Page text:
Estudos sobre o RNA sob fogo

quarta-feira, abril 25, 2012

RNA studies under fire

High-profile results challenged over statistical analysis of sequence data.

Erika Check Hayden

25 April 2012

High-throughput RNA sequencing has yielded some unexpected results in the past few years — including some that seem to rewrite conventional wisdom in genetics. But a few of those findings are now being challenged, as computational biologists warn of the statistical pitfalls that can lurk in data-intensive studies.

The latest case centres on imprinted genes. Humans and most other animals inherit two copies of most genes, one from each parent. But in some cases, only one copy is expressed; the other copy is silenced. In such cases, the gene is described as being imprinted. In July 2010, a team led by Catherine Dulac and Christopher Gregg, both then at Harvard University in Cambridge, Massachusetts, published a study
1 in Science estimating that 1,300 mouse genes — an order of magnitude more than previously known — were imprinted.

Now, researchers are arguing that a flawed analysis led Dulac and Gregg to vastly over­estimate imprinting in their paper. “The reason this paper was published in Scienceis that they made this big claim that they saw an order-of-magnitude more genes that are imprinted, and I don’t think that’s true,” says Tomas Babak, a computational biologist at Stanford University in California, who challenged the study in a paper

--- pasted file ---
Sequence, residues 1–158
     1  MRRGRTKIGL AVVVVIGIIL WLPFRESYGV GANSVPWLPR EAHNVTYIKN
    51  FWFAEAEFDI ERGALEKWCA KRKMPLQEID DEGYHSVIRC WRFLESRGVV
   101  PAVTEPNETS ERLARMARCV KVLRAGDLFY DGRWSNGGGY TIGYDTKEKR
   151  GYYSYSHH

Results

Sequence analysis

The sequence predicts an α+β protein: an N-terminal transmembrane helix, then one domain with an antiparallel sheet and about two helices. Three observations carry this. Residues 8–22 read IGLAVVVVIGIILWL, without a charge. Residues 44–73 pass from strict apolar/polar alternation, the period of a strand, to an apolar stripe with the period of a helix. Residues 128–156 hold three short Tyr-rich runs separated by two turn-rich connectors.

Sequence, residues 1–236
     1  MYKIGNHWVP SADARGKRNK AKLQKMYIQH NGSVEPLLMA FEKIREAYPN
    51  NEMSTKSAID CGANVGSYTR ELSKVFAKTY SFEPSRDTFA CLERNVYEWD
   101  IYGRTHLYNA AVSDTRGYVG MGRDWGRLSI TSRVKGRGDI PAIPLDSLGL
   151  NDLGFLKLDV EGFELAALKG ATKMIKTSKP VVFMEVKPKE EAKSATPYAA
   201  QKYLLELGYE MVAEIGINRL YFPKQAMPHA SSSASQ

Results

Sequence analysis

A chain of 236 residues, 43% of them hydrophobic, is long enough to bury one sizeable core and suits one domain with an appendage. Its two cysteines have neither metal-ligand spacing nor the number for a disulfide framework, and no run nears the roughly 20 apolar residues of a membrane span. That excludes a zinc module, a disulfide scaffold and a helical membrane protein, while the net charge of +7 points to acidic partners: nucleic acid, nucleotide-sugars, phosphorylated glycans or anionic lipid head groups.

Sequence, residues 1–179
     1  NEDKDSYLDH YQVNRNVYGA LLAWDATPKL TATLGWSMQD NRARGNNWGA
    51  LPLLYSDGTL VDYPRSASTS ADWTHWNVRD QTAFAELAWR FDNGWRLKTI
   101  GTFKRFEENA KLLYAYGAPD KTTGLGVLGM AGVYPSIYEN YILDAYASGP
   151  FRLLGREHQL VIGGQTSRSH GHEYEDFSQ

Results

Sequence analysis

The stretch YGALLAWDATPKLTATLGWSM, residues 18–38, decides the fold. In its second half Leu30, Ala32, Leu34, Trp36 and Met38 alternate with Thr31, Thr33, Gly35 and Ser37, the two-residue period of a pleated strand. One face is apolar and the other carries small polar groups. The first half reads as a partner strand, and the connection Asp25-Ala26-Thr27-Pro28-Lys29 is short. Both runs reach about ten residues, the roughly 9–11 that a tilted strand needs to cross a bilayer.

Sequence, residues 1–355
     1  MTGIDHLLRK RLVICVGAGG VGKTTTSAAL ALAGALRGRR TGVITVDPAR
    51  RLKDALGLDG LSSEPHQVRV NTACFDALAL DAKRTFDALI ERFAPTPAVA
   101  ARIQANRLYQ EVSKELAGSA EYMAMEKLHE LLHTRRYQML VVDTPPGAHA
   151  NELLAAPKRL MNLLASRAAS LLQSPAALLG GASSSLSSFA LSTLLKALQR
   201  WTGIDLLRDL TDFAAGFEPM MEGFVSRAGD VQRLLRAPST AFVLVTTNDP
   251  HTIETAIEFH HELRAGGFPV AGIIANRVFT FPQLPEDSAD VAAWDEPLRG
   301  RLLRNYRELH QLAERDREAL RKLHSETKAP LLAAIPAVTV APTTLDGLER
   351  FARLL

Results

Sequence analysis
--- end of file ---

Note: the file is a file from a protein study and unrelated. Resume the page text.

2 published on 29 March.

Dulac counters that she and her team “absolutely stand by those data”, adding that they have confirmed some of their findings by other means. The situation resembles an ongoing debate over another RNA-sequencing paper
3 published in 2011. In that study, Vivian Cheung of the University of Pennsylvania in Philadelphia and her colleagues reported evidence that RNA editing — which creates differences between a gene’s DNA sequence and the RNA sequence it gives rise to — is “widespread” in the human genome. RNA editing had been seen before, but the finding that it was so frequent challenges the central dogma, which holds that an organism’s genes are transcribed faithfully.

Other scientists have argued that Cheung’s results arose largely from errors in data analysis and that the true extent of RNA editing is probably no greater than previously thought4. Cheung did not respond to Nature’s request for comment on this story, but she has stood by her results.